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PLoS One. 2018 Sep 12;13(9):e0203871. doi: 10.1371/journal.pone.0203871. eCollection 2018.

A novel method of using Deep Belief Networks and genetic perturbation data to search for yeast signaling pathways.

Lu S1, Fan X1,2, Chen L1, Lu X1.

Author information

1
Department of Biomedical Informatics, University of Pittsburgh, Pittsburgh, Pennsylvania, United States of America.
2
Department of Automation, Northwestern Polytechnical University, Shanxi, People's Republic of China.

Abstract

Perturbing a signaling system with a serial of single gene deletions and then observing corresponding expression changes in model organisms, such as yeast, is an important and widely used experimental technique for studying signaling pathways. People have developed different computational methods to analyze the perturbation data from gene deletion experiments for exploring the signaling pathways. The most popular methods/techniques include K-means clustering and hierarchical clustering techniques, or combining the expression data with knowledge, such as protein-protein interactions (PPIs) or gene ontology (GO), to search for new pathways. However, these methods neither consider nor fully utilize the intrinsic relation between the perturbation of a pathway and expression changes of genes regulated by the pathway, which served as the main motivation for developing a new computational method in this study. In our new model, we first find gene transcriptomic modules such that genes in each module are highly likely to be regulated by a common signal. We then use the expression status of those modules as readouts of pathway perturbations to search for up-stream pathways. Systematic evaluation, such as through gene ontology enrichment analysis, has provided evidence that genes in each transcriptomic module are highly likely to be regulated by a common signal. The PPI density analysis and literature search revealed that our new perturbation modules are functionally coherent. For example, the literature search revealed that 9 genes in one of our perturbation module are related to cell cycle and all 10 genes in another perturbation module are related by DNA damage, with much evidence from the literature coming from in vitro or/and in vivo verifications. Hence, utilizing the intrinsic relation between the perturbation of a pathway and the expression changes of genes regulated by the pathway is a useful method of searching for signaling pathways using genetic perturbation data. This model would also be suitable for analyzing drug experiment data, such as the CMap data, for finding drugs that perturb the same pathways.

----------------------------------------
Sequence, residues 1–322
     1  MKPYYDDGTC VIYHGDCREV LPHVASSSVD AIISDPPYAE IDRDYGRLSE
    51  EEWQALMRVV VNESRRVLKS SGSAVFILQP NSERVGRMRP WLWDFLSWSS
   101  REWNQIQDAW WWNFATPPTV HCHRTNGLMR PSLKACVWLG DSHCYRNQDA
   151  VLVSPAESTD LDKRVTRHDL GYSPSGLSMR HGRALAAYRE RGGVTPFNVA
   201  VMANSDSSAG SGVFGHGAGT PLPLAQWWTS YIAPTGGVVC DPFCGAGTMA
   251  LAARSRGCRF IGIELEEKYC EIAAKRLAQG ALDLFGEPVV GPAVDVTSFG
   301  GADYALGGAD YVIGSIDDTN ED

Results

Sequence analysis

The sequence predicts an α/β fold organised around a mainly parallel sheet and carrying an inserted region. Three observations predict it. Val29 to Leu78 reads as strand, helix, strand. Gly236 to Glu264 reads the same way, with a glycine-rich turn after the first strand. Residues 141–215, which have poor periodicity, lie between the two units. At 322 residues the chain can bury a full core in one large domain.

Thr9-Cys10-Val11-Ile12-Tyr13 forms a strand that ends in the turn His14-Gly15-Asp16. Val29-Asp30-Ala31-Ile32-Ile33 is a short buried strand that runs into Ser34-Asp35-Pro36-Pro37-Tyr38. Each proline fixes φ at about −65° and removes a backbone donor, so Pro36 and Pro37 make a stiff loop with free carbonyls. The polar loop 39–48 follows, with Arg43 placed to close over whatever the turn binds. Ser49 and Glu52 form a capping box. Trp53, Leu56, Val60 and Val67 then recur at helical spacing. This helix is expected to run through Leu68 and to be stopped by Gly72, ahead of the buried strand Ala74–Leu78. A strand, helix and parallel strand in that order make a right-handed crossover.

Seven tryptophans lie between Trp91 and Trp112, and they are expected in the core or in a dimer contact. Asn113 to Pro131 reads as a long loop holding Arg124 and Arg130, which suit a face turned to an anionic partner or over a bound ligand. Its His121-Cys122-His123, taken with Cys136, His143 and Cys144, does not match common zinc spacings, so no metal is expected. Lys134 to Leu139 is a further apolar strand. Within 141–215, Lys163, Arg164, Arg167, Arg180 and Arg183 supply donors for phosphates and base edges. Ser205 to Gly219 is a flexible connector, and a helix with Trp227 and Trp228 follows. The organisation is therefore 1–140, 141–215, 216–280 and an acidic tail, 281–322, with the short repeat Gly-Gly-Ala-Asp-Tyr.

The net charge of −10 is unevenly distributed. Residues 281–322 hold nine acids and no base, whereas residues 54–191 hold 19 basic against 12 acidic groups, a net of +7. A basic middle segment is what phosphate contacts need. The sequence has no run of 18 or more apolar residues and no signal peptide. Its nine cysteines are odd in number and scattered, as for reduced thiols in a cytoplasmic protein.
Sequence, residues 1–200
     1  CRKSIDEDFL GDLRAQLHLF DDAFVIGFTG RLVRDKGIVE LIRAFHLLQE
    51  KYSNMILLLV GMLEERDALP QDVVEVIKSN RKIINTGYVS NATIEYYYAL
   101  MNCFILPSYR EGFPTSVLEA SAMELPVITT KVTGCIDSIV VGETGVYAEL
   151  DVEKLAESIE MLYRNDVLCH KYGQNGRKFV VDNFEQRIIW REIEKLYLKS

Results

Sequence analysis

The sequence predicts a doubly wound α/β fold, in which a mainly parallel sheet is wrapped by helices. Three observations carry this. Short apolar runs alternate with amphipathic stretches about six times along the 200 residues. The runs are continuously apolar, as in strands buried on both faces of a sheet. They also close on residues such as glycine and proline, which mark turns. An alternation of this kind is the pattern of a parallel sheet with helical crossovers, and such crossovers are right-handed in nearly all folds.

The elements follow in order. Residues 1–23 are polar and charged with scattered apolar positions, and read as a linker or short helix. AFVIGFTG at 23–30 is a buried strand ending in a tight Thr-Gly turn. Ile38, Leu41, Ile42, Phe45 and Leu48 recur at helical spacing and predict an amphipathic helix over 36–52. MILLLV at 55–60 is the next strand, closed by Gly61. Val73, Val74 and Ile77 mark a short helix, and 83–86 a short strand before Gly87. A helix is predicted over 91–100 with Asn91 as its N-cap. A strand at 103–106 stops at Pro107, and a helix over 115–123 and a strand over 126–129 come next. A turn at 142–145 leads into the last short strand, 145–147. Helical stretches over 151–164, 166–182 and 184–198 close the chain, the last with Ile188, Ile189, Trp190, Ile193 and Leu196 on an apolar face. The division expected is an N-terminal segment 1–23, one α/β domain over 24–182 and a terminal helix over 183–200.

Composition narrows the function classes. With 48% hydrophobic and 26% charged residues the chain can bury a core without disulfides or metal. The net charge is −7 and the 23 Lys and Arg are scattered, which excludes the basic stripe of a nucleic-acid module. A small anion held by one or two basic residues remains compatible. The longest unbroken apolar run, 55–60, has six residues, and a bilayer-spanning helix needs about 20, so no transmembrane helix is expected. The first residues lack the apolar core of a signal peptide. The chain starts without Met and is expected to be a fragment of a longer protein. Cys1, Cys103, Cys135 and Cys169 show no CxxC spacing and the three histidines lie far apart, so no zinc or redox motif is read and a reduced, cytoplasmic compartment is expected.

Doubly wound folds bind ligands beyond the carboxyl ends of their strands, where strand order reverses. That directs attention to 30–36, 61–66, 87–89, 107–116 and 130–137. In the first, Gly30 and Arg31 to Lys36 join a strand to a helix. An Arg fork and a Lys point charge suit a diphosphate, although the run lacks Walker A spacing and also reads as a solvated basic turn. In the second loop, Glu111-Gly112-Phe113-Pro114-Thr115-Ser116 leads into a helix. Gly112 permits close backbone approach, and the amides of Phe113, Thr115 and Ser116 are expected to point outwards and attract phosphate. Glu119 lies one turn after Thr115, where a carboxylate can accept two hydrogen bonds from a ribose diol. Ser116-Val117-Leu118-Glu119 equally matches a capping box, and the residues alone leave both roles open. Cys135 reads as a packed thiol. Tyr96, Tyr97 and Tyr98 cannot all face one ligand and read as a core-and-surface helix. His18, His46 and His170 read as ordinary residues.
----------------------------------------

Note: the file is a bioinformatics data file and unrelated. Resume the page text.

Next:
PMID:
30208101
PMCID:
PMC6135403
DOI:
10.1371/journal.pone.0203871
[Indexed for MEDLINE]
Free PMC Article

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